With about 2.25 billion cups being drunk daily worldwide, coffee hardly needs its own marketing holiday. But it turns out that the best may be yet to come.
Lest you think that all caffeine is created equal, scientists at the French Institute of Research for Development just this month sequenced the coffee plant's genome, say that the genes responsible for producing caffeine evolved in an entirely different way from tea and chocolate.
“A genome sequence could be a significant step toward improving coffee,” one of the lead researchers said.
The scientific quest for the perfect cup began back in the 1950s, when Manhattan’s National Coffee Association commissioned an MIT professor to literally write the how-to book on quality coffee. Among the results was a formula for brewing coffee, covering how to get the best balance of flavor by factoring in equipment cleanliness, water, temperature, grind and time.
Want to make a study of it yourself? The University of California’s Food for Health Institute is already known for its beer and winemaking programs. Earlier this year, the Davis campus expanded into nonalcoholic beverages with the opening of its Coffee Center. The college already uses a coffee-making seminar, “Design of Coffee,” as part of its chemical engineering curriculum. A likely course offering? The physical and molecular chemistry of milk.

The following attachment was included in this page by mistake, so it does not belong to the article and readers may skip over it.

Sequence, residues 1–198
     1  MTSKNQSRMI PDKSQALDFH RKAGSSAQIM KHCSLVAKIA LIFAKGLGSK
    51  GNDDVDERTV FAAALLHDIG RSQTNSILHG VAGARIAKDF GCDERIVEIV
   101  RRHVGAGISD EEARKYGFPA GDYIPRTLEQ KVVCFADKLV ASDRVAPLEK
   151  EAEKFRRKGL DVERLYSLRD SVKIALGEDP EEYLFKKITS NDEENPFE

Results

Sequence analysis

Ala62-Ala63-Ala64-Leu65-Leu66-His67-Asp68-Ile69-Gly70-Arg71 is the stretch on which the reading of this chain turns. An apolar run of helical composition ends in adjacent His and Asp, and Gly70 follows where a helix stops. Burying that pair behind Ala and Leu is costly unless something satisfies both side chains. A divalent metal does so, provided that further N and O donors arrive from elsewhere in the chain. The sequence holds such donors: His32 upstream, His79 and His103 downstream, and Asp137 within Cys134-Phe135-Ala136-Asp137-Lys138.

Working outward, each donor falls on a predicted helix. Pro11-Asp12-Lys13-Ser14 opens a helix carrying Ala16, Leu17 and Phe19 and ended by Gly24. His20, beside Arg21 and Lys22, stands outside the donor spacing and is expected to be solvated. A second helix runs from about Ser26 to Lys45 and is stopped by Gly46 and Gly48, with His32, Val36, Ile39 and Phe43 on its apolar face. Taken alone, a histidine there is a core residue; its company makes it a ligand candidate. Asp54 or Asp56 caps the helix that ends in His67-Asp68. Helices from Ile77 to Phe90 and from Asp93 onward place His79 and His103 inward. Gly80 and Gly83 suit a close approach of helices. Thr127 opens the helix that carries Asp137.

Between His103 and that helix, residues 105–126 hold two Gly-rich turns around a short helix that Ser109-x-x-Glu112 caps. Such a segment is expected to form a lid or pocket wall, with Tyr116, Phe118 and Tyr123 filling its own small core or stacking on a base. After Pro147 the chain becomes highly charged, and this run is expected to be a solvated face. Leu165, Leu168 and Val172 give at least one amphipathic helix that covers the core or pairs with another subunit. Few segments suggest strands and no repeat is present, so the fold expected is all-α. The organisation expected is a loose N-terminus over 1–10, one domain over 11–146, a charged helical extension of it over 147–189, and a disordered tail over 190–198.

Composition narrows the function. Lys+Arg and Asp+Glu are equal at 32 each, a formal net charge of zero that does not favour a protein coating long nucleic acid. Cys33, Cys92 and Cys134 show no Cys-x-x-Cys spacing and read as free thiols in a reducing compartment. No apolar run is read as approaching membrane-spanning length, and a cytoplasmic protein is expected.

But science has already done plenty to justify your regular caffeine intake. On this National Coffee Day, we round up just a few of the reasons.
1.Drinking more than a cup of coffee a day reduced stroke risk by as much as 25 percent among women, compared with those who drank less.
2.Hydrate away!Regular coffee drinkers, who have built up a tolerance to caffeine, do not experience any diuretic effects from it.
3.Coffee also doesn’t stimulate stomach acid production,cause ulcers or acid reflux, and can in fact help rather than hurt those at risk of developing gallstones.
4.Moderation is key when it comes to the heart: About two cups a day can cut heart failure risk by up to 11 percent, but five or more could be harmful.
5.Type 2 diabetes risk was similarly cut by 11 percent in people who upped their coffee drinking by more than one cup a day over four years — and those who cut their intake saw their risk rise by 17 percent.
6.Coffee protects against some oraland pharyngeal (tongue, soft palate,tonsils) cancers, withthose who drink more than four cups a day having a 49 percent lower risk. That protection falls with each fewer cup.
7.Coffee slows the formation of scartissue on the liver from excessive drinking.
Why you crave it: Arecent studysuggests that caffeine may have evolved in coffee to be intentionally addictive: Animals that spread its pollen tend to develop a habit and return to the plants for another taste.